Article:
Boyds gun stocks have long been a way for shooters to improve their favourite rifles. Whether it’s replacing a boring factory stock, modifying a sporterised milsurp rifle or finding a better fit for your shooting, there’s usually an option from Boyds that will fit the bill. For one of my rimfire project rifles it was a combination of improving the fit to my body, as well as increasing the aesthetic appeal.
When I first started working on JW-15s Boyds didn’t have anything available for them. Neither did anyone else. This is what got me into building my own stocks, which I’ve done a couple of. However, since then the good guys at Boyds have increased their range (as they always seem to be doing) and the JW-15 now has 5 different designs available.
Some of the designs are the same ones that much more expensive rimfire rifles come in, such as Savage’s Mark II BSEV and BTVS. Of course, the amount of money you could spend customising a JW-15 is probably about the same cost as buying a much better rifle – but where’s the fun in that?
While the Barracuda and SS Evolution are popular rimfire gun stocks that you can see on most ranges, strapped to a Ruger 10-22, the design I like most for the relatively long barrel on my JW-15 is the Pro Varmint, which seems to be the same stock the Savage Mark II TR sports. However, the black textured paint isn’t my cup of tea, so I opted to pay an extra US$15 to go for the Pepper Laminate instead. Visually, the stock is outstanding and I love the look.
Features of the Pro Varmint stock
Standard features include a sling stud under the base of the butt and two studs towards the front of the fore-end, one of these obviously for mounting attachments such as a bipod.
The stock is much heavier and more solid than the synthetic (i.e. plastic) stock the JW-15S comes in and makes it feel less like a toy and more like a real rifle. It’s also better suited to the average New Zealander’s length of pull.
The inletting is good and is done to Boyds’ house action. Obviously there is variation in rifles, probably more so in Norinco’s case, so yours may require some extra finishing. I found I had to relieve a couple millimetres of material where the recoil lug sits, which was not a big deal at all.
The barrel channel is extra deep, decreasing weight and ensuring a free floating barrel. You may need to do some fine sanding to make sure your barrel is free-floating, but mine was fine. The fore end also has a nice swell, so it fits perfectly in your hand.
There are also plenty of optional extras, including different finishes, varying lengths-of-pull, custom recoil pads and even laser engraving or chequering.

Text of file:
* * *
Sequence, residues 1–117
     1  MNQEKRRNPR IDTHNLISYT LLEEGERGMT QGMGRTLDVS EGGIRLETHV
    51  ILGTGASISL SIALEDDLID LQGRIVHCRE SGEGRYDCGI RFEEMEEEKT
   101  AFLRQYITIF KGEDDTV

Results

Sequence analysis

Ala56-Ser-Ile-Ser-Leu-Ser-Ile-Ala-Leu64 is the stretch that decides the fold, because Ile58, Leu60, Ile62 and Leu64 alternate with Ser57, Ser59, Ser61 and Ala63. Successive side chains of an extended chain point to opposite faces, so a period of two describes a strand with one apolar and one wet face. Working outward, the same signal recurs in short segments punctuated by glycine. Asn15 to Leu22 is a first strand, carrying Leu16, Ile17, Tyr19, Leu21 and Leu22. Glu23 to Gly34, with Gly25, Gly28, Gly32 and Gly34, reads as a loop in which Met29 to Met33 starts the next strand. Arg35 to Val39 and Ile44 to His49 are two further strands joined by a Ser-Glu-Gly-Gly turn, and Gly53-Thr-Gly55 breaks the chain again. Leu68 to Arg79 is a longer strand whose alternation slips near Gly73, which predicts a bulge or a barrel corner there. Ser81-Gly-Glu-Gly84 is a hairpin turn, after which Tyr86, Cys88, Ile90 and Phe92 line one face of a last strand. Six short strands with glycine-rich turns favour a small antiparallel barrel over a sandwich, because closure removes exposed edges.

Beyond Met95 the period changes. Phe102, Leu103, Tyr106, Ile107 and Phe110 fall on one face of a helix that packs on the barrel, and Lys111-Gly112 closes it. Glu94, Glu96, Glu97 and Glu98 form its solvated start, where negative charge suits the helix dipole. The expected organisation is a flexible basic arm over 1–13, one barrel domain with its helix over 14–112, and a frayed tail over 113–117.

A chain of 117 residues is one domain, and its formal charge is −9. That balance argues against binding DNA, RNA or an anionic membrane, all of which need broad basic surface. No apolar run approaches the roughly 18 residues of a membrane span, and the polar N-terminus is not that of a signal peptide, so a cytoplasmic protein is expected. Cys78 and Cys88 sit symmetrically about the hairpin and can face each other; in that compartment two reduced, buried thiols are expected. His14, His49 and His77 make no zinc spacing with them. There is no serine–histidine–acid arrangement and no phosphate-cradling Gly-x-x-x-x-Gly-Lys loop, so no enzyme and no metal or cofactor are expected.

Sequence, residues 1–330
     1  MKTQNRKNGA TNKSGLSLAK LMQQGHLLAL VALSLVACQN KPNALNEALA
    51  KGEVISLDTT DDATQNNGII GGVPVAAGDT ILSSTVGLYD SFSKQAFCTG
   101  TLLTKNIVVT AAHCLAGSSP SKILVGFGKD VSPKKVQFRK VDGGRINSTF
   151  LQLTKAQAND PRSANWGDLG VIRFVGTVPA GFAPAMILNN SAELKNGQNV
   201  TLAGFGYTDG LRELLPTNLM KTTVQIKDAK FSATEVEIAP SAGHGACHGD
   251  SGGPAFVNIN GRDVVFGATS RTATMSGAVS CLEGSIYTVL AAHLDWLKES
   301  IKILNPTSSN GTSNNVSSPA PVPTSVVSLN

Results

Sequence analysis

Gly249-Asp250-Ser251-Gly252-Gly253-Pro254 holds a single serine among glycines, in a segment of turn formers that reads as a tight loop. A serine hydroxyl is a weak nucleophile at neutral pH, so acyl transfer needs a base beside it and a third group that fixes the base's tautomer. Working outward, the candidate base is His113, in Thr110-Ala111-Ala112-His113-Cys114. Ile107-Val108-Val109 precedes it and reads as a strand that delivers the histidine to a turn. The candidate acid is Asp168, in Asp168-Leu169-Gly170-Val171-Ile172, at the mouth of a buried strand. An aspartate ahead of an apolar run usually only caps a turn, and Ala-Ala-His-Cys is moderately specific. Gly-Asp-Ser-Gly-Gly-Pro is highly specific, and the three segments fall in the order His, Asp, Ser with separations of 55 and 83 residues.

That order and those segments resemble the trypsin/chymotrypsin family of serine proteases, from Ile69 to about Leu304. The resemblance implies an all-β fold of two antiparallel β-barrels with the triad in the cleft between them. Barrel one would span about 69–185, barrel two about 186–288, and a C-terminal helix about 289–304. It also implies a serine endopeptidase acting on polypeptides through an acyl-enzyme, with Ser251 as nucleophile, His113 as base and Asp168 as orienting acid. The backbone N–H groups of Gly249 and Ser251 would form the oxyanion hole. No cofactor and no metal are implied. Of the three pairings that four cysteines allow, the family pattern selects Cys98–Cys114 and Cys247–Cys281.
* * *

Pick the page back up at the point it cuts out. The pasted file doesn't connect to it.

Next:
Downsides to the Pro Varmint stock
There aren’t many, but there are some. Because of the variations in rifle manufacture, you could find slight fitting and finishing is needed in order to get a solid fit for your action. Keep in mind that Norinco weapons have been banned from the states for a long time, so the action they have is probably very old. However, as I mentioned above, there was not much needed to get mine fitted snugly.
What I will probably do (and what I would recommend to anyone going for high accuracy) is bedding the rifle with Terminal Ballistics bedding compound or something similar. I’ve bedded two actions with Nathan Foster’s compund, and loved the result.
When shipping to NZ, Boyds has an order limit of US$100 (before postage). This is because of legal complications with US Customs. Unfortunately, it limits your ability to go for optional extras as some stocks are $99 already. The Pro Varmint was $75, and I changed to the Pepper Laminate for $15. Options like the adjustable comb height ($60) are just out of your reach with the $100 limit.
I can’t remember the cost of postage, but it’s still worthwhile when you consider how much Boyds stocks cost to buy over here. What you could do is buy it when you’re on a trip to the States or ask family/friends over there to buy it for you and send it over. Don’t try NZ Post’s YouShop, as they won’t ship rifle parts. You’ll end up paying for return postage to the supplier. Also, they charge by volumetric weight, which can end up costing a lot more than you expect.
I did have one minor issue with my rifle stock, and that was a tiny chip near the tang. It’s not a deal-breaker, and certainly not worth the effort/cost involved in sending it back for a replacement.
The final verdict
I’m extremely happy with my Boyds stock. As I mentioned before, I’m getting another one soon for a different rifle, so that should say a lot. Although there are minor detractors, these can be addressed fairly easily.
I would definitely recommend finding an alternative method of postage so that you can get all of the great features that your heart desires, and I would also advise that you bed your new stock.